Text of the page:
Sunday, November 06, 2005
Many reasons prompt me to think about going on the job market again. My burning hatred of Texas has been high on the list recently. Harsh? Let me remind you which god-forsaken-state that Bushie trashed before he trashed the federal government. Plus, Texas’ current governor, Rick Perry, has suggested that gays find other states to call home because they aren’t welcome here. Consider me a potential Perry-evacuee.
Shaun had been a major reason to stay here. Given this university offered the highly unusual option of academic jobs for both of us, it made staying here more important. So, even with the obvious hostility of my colleagues, I still felt lucky that Shaun and I could build a life together. Shaun breaking off the relationship, though, means all those dreams have fallen flat. I, therefore, have few reasons to remain in Texas.
Shaun’s leaving also raises the unpleasant specter of trying to be a single gay man in this small town. Once my heartache is over (which I am just assuming as a theoretical possibility at this point, btw), I am pretty sure that I won’t want to live life in a solitary void. I love the idea of donning a wimple and black habit, but creating a gay-convent-for-one does not appeal to me. I am not judging (much), but many of the single men who have been here for more than ten years don’t foretell a happy future. The gay pool is simply too shallow to hope to find somebody swimming in town.
"Wait, Gay Prof," you are likely shouting out, "It is too early to be thinking about these issues. You need to heal. We love and worship you, GayProf." Alright, maybe you're not saying that last bit.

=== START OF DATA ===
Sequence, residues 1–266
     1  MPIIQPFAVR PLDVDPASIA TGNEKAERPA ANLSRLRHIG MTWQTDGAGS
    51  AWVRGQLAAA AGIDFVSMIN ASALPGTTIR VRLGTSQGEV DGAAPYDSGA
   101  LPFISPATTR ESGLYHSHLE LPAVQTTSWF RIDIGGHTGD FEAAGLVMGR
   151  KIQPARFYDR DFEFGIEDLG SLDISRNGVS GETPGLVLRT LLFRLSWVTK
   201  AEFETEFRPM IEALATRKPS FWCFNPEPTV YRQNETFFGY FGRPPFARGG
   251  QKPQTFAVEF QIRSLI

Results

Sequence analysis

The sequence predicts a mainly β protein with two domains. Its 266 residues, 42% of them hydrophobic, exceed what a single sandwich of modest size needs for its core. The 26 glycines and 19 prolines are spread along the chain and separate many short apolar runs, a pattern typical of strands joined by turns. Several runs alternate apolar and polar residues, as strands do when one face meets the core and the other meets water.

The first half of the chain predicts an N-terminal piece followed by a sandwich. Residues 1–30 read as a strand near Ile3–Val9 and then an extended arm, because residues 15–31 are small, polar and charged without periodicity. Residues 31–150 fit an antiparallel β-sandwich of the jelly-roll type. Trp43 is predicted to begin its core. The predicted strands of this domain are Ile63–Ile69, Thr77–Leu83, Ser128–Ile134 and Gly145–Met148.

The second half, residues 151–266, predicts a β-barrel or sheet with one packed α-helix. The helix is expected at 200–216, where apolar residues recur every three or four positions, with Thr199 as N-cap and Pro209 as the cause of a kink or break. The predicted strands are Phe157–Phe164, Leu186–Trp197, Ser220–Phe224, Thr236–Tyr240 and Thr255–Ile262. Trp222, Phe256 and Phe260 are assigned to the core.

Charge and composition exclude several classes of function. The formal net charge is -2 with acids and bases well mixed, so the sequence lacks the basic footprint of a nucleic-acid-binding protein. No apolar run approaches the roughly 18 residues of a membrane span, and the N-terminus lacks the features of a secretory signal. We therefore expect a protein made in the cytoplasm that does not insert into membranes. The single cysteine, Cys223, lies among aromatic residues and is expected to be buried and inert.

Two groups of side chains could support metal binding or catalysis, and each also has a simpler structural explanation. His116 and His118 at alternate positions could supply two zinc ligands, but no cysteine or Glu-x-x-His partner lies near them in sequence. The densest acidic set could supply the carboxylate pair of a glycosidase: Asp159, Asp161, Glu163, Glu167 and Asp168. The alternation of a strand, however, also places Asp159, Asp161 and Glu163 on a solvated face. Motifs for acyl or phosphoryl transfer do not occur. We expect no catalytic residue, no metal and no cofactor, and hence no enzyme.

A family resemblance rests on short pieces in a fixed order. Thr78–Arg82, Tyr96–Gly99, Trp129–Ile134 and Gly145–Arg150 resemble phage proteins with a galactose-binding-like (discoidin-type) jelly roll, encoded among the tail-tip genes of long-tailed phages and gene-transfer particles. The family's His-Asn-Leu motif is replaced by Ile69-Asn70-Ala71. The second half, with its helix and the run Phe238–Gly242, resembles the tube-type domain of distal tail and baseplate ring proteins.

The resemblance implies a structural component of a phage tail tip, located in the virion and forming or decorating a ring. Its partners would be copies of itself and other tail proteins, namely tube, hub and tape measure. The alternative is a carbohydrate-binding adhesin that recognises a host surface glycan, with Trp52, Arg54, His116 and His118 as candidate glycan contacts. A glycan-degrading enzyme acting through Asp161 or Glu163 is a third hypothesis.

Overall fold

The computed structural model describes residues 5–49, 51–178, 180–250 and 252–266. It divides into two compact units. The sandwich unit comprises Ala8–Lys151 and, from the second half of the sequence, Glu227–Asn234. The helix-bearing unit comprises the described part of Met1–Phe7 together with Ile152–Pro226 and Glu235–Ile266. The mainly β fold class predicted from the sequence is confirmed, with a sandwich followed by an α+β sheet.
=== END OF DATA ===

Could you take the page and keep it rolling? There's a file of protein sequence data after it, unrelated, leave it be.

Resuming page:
You are right, though, it is too early to be thinking about these issues. Believe me, the last thing I am really thinking about is life without Shaun. The problem is, though, that all academic jobs advertise and interview at the exact same time across the nation (starting November through February). So, even though I am wheeling from the impending breakup, I have to decide now if I am going on the market. Practicality verses emotion can be a tough battle for me. Predicting my future has never been my best ability (for instance: failed marriage).
The idea, though, of searching for a new job fills me with grim visions. It is, once again, a reminder of the reality of my ending relationship.
Moreover, my chances of ending up someplace better may not be great. Even if I enter the market (which also puts at risk my current job), there are few guarantees that I could even get another interview, much less a job. For every job posting for general U.S. History, there could be literally hundreds of applications. That number increases if it is a cool university or in a cool city (you may have noticed that the founders of many of the nation’s universities selected backwoods locations for their institutions).
Truth be told, though, despite all my complaining, I also have a pretty good gig in Texas. As I mentioned before, my job doesn’t involve a lot of heavy lifting. For an academic position, it is centered more on research (which I prefer) than teaching (which I like, but not as much as research). I also have a kick-ass office. Seriously, it is a corner office with two windows and as nice a view as possible. I mean, you still have to look at Texas, but it is pretty good.
Few outside the academic world realize how scarce academic jobs like this can be. There are many, many more historians in this country than jobs. Let’s face it, we don’t have the most marketable job skills. After all, when was the last time you said, “If only we knew a historian, all our problems would be solved?” Star Trek, in another example, never had an Emergency Holographic Historian.
So, it is a buyer’s market for historians. I wonder what other people do with their careers.